The Anatomy Of URNE (Again!)

To be honest, this entire post is just an excuse for me to once again tell you about one of my favorite metal bands currently in existence and correct my initial errors. URNE rules!

10 months ago

Back in 2021, I made a grievous mistake which I shall not be making ever again - I slept on an URNE release. Back them, it was the firey, heavy metal fueled Serpent & Spirit, a rousing album which I still listen to regularly today. It took a while for it to click but, once it did, it clicked all the way through, and has become one of my staples when I need something lively, energetic, but still interesting. That last part comes from URNE's absolute refusal to stick to the mold, inflecting their dedication to heavy metal with plenty of touches from death, thrash, and black metal. This not only made Serpent & Spirit extremely good but also marked URNE in my book of bands to watch.

Lo and behold, the time is coming for URNE to unleash a new release on us and if you think you know what it sounds like, you're wrong. It's not that there's no kinship with Serpent & Spirit. It's just that many dials which configured that album into what it is have been massively tweaked, mixing the same elements into a massive beast of grooves, soaring vocals, and heaviness that's as hard to resist as its predecessor. Oh, and there's also a cool story that comes within it wherein Jean-Michel Labadie and Joe Duplantier from Gojira fell in love with the release, with the latter actually producing it at their fabled Silver Cord studios.

Cool, right? All of that, of course, is as ash in the wind in the face of how good A Feast On Sorrow, which releases on the 11th of August via the legendary Candlelight Records, actually is. As I eluded to above, it keeps the energetic core of URNE's original release but supercharges it with haggard post-hardcore vocals, plenty of Gojira influenced (and, vicariously, Morbid Angel influenced) chunky riffs, monstrous drums, and an overall penchant to shift sounds on you that keeps everything exciting. All of this to say that I am incredibly excited for this album but also that running a "The Anatomy Of" post seemed like a no-brainer.

Varied artists like these always make for interesting contributors to the series and this time is no different. Which is to say, none of the below chosen bands will necessarily surprise you in their inclusion but two of the three albums which were chosen are certainly...interesting. Maybe it's because this is the second time URNE have submitted an entry to the series (I think they're the first group to do?) or maybe it's just because they don't like to play by the rules, but URNE have selected a few tidbits for us that surprised and (mostly) pleased me.

And, to be honest, this entire post is just an excuse for me to once again tell you about one of my favorite metal bands currently in existence and correct my initial errors. URNE rules! A Feast On Sorrow rules and, prior to its release, make sure you head on over to Candlelight's Bandcamp page to check out the singles that have been released while you read their entries below!

Joe Nally (vocals, bass)

Gojira - Magma

So, this is our second time doing the "Anatomy Of", and we want to mix it up! We were lucky enough to work with Joe Duplantier and Johann Meyer on A Feast On Sorrow, the duo behind Magma. I absolutely love the production job and risks that Gojira aimed for on this album, and it was certainly something myself and Angus were searching for.

Now, musically, I wouldn’t say this is my favourite Gojira album, but the sound really connected with me. It feels raw and real. And when the possibility came up to work with these two, we jumped at it!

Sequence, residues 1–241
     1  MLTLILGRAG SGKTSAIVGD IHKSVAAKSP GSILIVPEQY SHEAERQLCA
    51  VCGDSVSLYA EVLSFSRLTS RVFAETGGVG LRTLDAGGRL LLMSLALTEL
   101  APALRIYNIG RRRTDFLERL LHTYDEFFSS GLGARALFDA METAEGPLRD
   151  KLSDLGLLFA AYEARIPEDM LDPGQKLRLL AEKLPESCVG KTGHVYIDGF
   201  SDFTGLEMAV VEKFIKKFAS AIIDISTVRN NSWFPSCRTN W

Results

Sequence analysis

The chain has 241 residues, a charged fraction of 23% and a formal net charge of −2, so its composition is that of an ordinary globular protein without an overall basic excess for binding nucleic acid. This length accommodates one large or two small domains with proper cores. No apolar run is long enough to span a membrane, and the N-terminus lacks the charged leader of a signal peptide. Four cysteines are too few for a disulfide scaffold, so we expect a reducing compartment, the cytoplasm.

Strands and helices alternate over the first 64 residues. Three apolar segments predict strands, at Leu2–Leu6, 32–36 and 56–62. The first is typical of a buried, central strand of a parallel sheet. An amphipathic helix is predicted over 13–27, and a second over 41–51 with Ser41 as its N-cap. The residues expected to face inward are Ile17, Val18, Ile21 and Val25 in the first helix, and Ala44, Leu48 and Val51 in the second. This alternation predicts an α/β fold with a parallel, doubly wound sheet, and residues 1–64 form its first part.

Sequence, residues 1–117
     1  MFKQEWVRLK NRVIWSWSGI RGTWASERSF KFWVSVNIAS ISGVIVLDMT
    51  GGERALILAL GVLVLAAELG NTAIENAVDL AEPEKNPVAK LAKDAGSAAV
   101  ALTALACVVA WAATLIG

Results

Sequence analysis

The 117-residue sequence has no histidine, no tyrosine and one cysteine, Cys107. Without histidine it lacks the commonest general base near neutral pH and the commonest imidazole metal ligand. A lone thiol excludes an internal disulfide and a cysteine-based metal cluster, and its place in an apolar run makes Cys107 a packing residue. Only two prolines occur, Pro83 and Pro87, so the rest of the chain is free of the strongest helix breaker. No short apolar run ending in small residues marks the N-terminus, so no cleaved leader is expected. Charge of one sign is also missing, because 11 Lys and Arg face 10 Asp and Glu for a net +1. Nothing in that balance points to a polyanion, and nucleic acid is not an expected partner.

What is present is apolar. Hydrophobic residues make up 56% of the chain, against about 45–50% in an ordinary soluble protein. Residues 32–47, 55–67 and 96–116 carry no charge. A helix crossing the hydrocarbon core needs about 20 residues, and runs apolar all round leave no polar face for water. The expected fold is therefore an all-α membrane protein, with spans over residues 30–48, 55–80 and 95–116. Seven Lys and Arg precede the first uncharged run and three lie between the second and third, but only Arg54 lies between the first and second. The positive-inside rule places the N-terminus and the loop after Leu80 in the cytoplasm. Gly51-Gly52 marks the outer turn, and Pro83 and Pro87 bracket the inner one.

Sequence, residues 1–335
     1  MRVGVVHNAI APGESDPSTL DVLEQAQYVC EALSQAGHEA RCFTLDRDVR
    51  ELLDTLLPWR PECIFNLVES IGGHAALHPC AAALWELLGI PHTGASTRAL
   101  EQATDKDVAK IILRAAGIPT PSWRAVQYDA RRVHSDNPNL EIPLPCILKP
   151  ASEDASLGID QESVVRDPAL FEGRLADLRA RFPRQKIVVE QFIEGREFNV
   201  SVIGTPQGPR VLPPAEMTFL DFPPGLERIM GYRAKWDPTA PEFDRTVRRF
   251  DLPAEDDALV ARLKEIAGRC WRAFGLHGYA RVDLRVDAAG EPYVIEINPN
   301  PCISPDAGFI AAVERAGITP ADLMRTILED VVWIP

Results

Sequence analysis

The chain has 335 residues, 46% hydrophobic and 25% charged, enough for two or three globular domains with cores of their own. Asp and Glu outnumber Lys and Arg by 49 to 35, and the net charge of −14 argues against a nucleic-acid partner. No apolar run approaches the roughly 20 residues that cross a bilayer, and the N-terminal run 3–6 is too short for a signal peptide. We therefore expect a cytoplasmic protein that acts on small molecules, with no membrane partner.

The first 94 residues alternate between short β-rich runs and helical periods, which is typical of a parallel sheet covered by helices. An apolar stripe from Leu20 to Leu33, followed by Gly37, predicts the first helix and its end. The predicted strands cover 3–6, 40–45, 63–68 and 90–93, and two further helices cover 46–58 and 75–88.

Standout tracks: "Magma", "Silvera", and "Pray"

URNE - Serpent & Spirit

Okay, I have picked our last album haha! But I really didn’t want to listen to too much metal when writing this record, apart from what we had already done. I wanted to find areas I enjoyed for us to enhance on that sound and areas that I hated so I could make sure we avoided those ha!

Aside from two songs, myself and Angus wrote all the music on the album, and I feel that helped us drop a few things we didn’t enjoy and really dial in our sound. A big thing for me was to improve the drum tone on this record and the overall playing, and I feel confident that we did that.

Standout tracks: "Desolate Heart", "Memorial", and "Serpent & Spirit"

Angus Neyra (guitars)

Dream Theater - Train Of Thought

Petrucci has been a big influence to me as a guitar player with his ability to write catchy melodies in riffs and solos, but was also in there early to try new ideas and techniques on the guitar. Train of Thought I consider as DT’s most metal sounding album, whilst keeping their signature proggy sound in the writing, which is what I feel A Feast on Sorrow is for us compared to Serpent & Spirit. There’s still some of the classic sounding elements in tracks such as "A Stumble Of Words, yet there’s more of a heavy and crushing element in other parts of the album.

Standout tracks: "Stream of Consciousness", "In The Name of God"

Death - Symbolic

To be honest a lot of Death albums could’ve taken the spot on this list, but Symbolic was one I’d been listening to more than the rest! Like the DT album, Chuck’s writing on this has ideas that think outside of a verse/chorus/repeat structure, but at the same time segues from riff to riff seamlessly. That was something important for us on this album; the songs had to have a flow to them, and even the track-listing order was well thought through to make sure the journey of the album felt right. In the end, I feel we’ve got tracks on here that stand strong on their own if they came on shuffle, but to listen to them in order from start to finish is a different experience.

Standout tracks: "Crystal Mountain", "Perennial Quest"

Eden Kupermintz

Published 10 months ago